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NZPork Considering High Court Judgment

NZPork Considering High Court Judgment
Media Release: For immediate release

NZPork and its advisors will carefully consider the judgment handed down by Wellington’s High Court yesterday, which does not support its challenge of new import health standards.

The pork industry challenged MAF’s process for deciding new standards – which would permit imports of untreated pig meat from countries infected by the Porcine Reproductive and Respiratory Syndrome (PRRS) virus – in the High Court in August last year.

NZPork Chairman, Ian Carter, said the industry’s concern is that PRRS or other unwanted organisms will enter New Zealand under the less restrictive import health standards, greatly increasing the risk of infected meat being fed to pigs.

Mr Carter said that, despite the Court accepting MAF’s decision-making process, massive gaps in scientific knowledge around PRRS transmission remained.

“ MAF’s Independent Review Panel recognised that there are many gaps in scientific knowledge around this issue, including in understanding the exposure pathways of risk material. This means we have no basis to believe that the dangers from importing PRRS-infected meat can be managed,” says Mr Carter.

“It is crucial that the industry’s concerns are addressed, and NZPork now needs to carefully and fully review the judgment."

“Infected meat fed to pigs is believed to have caused a 2004 PRRS outbreak in South Africa, which resulted in thousands of animals having to be euthanized.”

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“A great deal remains unknown about the risks from importing meat potentially infected with PRRS."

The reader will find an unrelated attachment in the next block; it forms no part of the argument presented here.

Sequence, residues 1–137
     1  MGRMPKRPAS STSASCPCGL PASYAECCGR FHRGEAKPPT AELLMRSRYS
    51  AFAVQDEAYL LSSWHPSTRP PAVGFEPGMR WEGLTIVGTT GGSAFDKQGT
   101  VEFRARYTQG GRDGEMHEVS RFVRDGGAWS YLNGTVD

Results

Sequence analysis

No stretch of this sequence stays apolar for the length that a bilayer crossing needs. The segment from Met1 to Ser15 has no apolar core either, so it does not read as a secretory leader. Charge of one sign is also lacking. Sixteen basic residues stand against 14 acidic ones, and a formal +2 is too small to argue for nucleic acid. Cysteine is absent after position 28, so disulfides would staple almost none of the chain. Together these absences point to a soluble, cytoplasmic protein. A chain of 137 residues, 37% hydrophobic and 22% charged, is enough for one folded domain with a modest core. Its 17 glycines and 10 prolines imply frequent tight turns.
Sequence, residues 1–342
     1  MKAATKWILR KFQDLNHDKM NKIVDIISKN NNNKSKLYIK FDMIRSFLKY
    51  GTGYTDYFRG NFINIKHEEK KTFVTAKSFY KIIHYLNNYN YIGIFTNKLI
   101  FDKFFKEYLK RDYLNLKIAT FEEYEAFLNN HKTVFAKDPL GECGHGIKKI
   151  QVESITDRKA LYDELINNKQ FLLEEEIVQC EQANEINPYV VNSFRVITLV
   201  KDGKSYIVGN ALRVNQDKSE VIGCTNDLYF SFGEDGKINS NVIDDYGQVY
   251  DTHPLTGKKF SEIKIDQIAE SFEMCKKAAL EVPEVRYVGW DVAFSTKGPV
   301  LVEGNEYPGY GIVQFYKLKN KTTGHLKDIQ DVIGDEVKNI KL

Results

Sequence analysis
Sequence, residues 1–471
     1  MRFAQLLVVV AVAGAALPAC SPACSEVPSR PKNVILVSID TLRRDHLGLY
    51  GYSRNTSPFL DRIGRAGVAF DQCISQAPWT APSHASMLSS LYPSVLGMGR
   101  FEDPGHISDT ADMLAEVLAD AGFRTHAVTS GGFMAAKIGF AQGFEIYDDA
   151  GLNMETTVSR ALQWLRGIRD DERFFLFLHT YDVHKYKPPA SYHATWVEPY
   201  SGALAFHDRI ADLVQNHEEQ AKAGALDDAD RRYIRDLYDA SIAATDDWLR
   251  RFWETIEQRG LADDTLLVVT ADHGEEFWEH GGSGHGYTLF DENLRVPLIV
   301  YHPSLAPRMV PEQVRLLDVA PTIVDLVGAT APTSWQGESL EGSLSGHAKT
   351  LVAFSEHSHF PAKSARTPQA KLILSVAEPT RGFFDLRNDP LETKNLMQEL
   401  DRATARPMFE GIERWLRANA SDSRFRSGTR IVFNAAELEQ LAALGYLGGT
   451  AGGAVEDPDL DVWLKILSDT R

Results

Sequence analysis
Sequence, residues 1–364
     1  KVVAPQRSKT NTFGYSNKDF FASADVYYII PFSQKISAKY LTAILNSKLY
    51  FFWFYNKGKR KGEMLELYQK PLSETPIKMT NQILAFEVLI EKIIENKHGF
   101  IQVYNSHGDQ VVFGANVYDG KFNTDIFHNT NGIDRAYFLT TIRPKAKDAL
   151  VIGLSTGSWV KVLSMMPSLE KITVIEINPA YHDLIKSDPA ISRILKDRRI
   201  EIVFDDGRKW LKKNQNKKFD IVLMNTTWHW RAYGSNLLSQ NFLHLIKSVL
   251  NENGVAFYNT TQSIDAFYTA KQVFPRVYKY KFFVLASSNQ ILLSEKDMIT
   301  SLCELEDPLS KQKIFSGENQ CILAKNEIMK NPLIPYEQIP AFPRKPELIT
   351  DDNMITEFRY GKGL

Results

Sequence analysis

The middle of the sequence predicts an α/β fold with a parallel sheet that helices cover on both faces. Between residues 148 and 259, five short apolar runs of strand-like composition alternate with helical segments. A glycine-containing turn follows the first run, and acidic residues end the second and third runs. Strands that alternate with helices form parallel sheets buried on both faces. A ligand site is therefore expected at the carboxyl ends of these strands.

Mr Carter said NZPork would welcome the opportunity to work constructively with the Ministry of Primary Industries to fill the scientific gaps in a way which would implement the recommendations of MAF’s Independent Review Panel, while satisfying the Ministry, industry and New Zealand’s international trade commitments.

“If the existing standards are finalised, it sets a precedent of allowing at-risk products into New Zealand, with sparse knowledge of how the risks would be managed inside our borders."

“Allowing imports of potentially diseased meat could put our broader primary industry at risk. It would be taking a gamble that our farmers cannot afford to lose. Biosecurity is key to New Zealand’s economic security, and we risk it at our peril," says Mr Carter.

“The pork industry is keen to work with the Ministry for Primary Industries to keep New Zealand safe from unwanted pests and diseases,” concluded Mr Carter.

ENDS

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